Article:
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The mission of my research lab is the design and development of interactive technologies and practices that promote socially responsible and culturally meaningful artifacts. Our major aim is to increase the efficacy and development of technological artifacts that promote the retention and propagation of cultural knowledge sources and societal improvements of underserved and marginalized communities through the design, development and scientific testing methods within the Human Computer Interaction domain. We pose the following questions:

  • RQ1:  How can people in traditionally technically marginalized communities benefit from culturally and socially responsible computer interactions and artifacts?

  • RQ2:  How can computational interactions promote cultural preservation among marginalized communities?

Our lab's current research in mother tongue preservation focuses on the development of innovative physicalized devices for tonal language acquisition and voice-assistive technologies for cultural name recognition. 


The language that a person acquires from birth and speaks at home is known as their Mother Tongue. Although this language is central to their cultural and ethnic identity, in many communities across the globe, it is often overshadowed by the official language spoken in schools or by the majority in the country. Mother tongues are not just beneficial for communication, but also preserve cultural traditions and heritage through artifacts such as proverbs, prayers, songs, games, fables, name translations, and community titles, which hold a deeper significance than just national identity.


Decolonizing Knowledge (ways of knowing):

Decolonizing knowledge in the sciences is crucial because it involves examining and challenging the ways in which Western knowledge systems have dominated and excluded other forms of knowledge production. This includes acknowledging and incorporating the knowledge of Indigenous communities and other marginalized groups and recognizing the impact of colonialism and imperialism on scientific research and practice. Decolonizing the sciences can lead to more inclusive and diverse perspectives, as well as a greater understanding of the interconnectedness between knowledge systems and social justice issues.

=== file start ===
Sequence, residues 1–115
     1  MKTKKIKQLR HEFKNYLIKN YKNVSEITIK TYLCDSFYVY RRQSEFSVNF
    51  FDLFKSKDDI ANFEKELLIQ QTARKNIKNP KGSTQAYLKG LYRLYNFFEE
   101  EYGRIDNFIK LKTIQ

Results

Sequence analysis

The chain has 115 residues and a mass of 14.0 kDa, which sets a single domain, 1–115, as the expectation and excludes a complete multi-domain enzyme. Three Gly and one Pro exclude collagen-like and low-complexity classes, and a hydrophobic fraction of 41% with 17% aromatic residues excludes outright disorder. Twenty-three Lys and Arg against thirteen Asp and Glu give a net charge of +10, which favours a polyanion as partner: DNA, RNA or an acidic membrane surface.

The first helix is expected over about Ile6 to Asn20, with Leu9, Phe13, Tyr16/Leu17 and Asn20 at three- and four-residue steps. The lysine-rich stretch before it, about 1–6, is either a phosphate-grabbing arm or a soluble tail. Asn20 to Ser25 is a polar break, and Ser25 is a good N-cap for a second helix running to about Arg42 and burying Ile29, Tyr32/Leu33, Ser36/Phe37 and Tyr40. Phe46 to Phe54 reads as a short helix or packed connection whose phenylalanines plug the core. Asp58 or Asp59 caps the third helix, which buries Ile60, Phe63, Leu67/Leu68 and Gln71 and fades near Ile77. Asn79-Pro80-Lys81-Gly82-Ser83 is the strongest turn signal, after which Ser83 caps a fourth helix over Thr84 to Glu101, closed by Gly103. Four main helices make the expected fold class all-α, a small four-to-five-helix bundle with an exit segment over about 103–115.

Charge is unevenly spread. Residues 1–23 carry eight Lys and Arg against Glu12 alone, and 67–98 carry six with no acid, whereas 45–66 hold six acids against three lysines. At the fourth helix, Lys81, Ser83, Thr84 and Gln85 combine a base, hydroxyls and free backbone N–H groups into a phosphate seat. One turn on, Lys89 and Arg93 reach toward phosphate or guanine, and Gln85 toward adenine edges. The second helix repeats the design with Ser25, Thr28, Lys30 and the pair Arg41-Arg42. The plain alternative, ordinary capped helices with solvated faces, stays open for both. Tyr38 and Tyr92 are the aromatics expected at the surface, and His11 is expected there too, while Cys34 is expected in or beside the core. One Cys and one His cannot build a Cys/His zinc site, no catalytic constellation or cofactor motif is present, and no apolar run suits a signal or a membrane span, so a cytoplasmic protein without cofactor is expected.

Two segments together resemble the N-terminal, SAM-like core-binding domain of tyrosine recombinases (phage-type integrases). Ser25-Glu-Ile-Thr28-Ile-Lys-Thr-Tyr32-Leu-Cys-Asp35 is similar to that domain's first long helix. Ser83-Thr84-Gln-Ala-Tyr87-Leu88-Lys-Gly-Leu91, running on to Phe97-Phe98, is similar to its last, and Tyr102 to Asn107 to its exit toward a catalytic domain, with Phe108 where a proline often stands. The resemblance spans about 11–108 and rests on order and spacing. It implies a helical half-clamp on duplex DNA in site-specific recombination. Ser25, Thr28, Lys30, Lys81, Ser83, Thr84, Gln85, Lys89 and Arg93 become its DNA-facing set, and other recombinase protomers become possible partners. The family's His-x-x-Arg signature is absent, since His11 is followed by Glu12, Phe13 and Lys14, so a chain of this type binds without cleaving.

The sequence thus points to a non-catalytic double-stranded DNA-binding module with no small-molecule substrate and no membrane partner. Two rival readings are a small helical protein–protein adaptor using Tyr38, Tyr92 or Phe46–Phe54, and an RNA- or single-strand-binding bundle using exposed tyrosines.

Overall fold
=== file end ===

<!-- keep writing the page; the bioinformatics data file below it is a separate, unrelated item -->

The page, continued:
Rooted Cultural Artifacts:

Our projects are situated in cultural knowledge sources such as names, texts, proverbs, and other forms of traditional knowledge because this approach allows us to extend our scientific contributions beyond Western knowledge systems. Incorporating diverse knowledge sources can provide new perspectives, insights, and approaches to scientific research and problem-solving. By acknowledging and valuing diverse forms of knowledge, we can create more inclusive and equitable scientific practices that better reflect the diverse communities we serve. Additionally, working with cultural knowledge sources can help preserve and promote cultural traditions and identities, which is essential for promoting social justice and equity.


N'Dewo Uwa:  Hello World - is a virtual dialogue agent that engages members of the diaspora with mother tongue languages.

Gángan:  The talking drum (Summer 2023)

Our primary project, "Gángan: The talking drum – A haptic interface for tonal language learning," endeavors to create an immersive, engaging learning experience for tonal languages by utilizing physical, touch-based interactions. This research builds on our previous success with "Ndewo Uwa {Hello World}: A Language-Based Chat Bot for Children of the Diaspora," which introduced young learners to African languages and cultures.

Considerations of Voice Design for Cross-Cultural Robotic Identity (Summer 2023)

Additionally, our lab is exploring the use of voice-assistive devices to facilitate cultural name recognition and understanding among Africans of the diaspora. This study expands on our workshop paper, "Considerations of Voice Design for Cross-Cultural Robotic Identity," which discussed the importance of inclusive voice design in the development of AI and robotics. 

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